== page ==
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Sam: A Case Study

Sam is a ten year old boy diagnosed with Pervasive Developmental Disorder-Not Otherwise Specified (PDD-NOS). “A person with PDD-NOS is given the diagnosis because they have some but not all characteristics of autism or who has relatively mild symptoms” (Autism Speaks, 2013). PDD-NOS is a general category used to describe a pattern of behavioral differences (which may include deviations, excesses, or difficulties) in the areas of social relating, communication, and attention/interest. The diagnosis of PDD-NOS may also be applied if the child exhibits a variety of symptoms associated with Autism, but in an unusual pattern (Emory Autism Center, 2013). Sam was diagnosed with PDD-NOS, rather than autism. Sam did not …show more content…

Since it was noted Sam likes to role play I would I would set up a learning station of Role plays. I can role play the typical situations Sam may be having trouble with such as: initiating a conversation, joining in another child's activity, or inviting another child to play a game. I would role play these situations for Sam and allow him to role play as well. Role play may give Sam the time needed to work through these and hopefully increase his social skills with practice. If I were Sam’s teacher I would need to make sure to have a structured routine set in place and provide clear, concrete verbal and visual directions. I would give directions one step at a time. Also, I would also arrange for Sam to receive occupational therapy for his gross and fine motor deficiency. I would also closely monitor Sam’s progress and percentage of time he spent in the general education setting and grant him more time in accordance with his progress.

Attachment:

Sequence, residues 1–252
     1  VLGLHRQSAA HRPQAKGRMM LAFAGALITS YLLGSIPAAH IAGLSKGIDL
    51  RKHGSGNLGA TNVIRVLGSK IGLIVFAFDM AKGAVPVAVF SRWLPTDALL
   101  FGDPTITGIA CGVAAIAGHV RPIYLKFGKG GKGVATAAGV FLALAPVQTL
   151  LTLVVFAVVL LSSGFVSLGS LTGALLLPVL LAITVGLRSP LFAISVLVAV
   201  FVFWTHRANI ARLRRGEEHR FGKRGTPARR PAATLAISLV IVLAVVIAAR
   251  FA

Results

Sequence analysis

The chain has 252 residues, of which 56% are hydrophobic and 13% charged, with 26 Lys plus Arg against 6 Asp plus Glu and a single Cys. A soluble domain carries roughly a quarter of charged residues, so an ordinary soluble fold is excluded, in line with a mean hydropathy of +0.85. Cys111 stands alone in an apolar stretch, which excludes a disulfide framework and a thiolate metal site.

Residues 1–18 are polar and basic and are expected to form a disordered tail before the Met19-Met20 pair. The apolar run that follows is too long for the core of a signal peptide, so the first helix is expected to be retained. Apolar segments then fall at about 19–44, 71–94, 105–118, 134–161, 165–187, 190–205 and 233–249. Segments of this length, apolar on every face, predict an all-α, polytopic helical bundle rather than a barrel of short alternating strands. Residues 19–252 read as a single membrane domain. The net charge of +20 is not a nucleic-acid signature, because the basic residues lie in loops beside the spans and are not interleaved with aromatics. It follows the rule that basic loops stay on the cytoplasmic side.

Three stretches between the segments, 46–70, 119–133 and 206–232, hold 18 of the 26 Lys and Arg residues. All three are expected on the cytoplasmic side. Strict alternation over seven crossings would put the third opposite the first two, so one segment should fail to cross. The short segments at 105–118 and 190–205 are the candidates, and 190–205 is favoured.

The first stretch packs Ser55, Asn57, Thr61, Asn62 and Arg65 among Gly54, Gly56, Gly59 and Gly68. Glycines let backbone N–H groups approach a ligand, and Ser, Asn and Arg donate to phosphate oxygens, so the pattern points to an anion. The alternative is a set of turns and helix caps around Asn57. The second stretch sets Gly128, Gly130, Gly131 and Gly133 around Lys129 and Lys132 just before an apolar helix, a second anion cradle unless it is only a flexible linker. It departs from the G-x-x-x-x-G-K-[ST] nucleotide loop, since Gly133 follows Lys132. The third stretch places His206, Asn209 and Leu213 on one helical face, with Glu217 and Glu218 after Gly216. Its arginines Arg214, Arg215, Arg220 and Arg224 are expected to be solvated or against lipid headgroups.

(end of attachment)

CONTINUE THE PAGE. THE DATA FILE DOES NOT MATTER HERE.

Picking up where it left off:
Characteristics of Autism and the Pervasive Developmental Disorders (PDD) (n.d.). In Emory
Autism Center. Retrieved March 18, 2013, from Koyama, T., Kurita, H. (2008). Cognitive Profile: Differences between normally
Intelligent children with Asperger’s Disorder and those with PDD-NOS. Journal of
Psychiatry and Clinical Neurosciences, 62, 691-696.
PDD-NOS (n.d.). In Autism Speaks. Retrieved March 18, 2013, from

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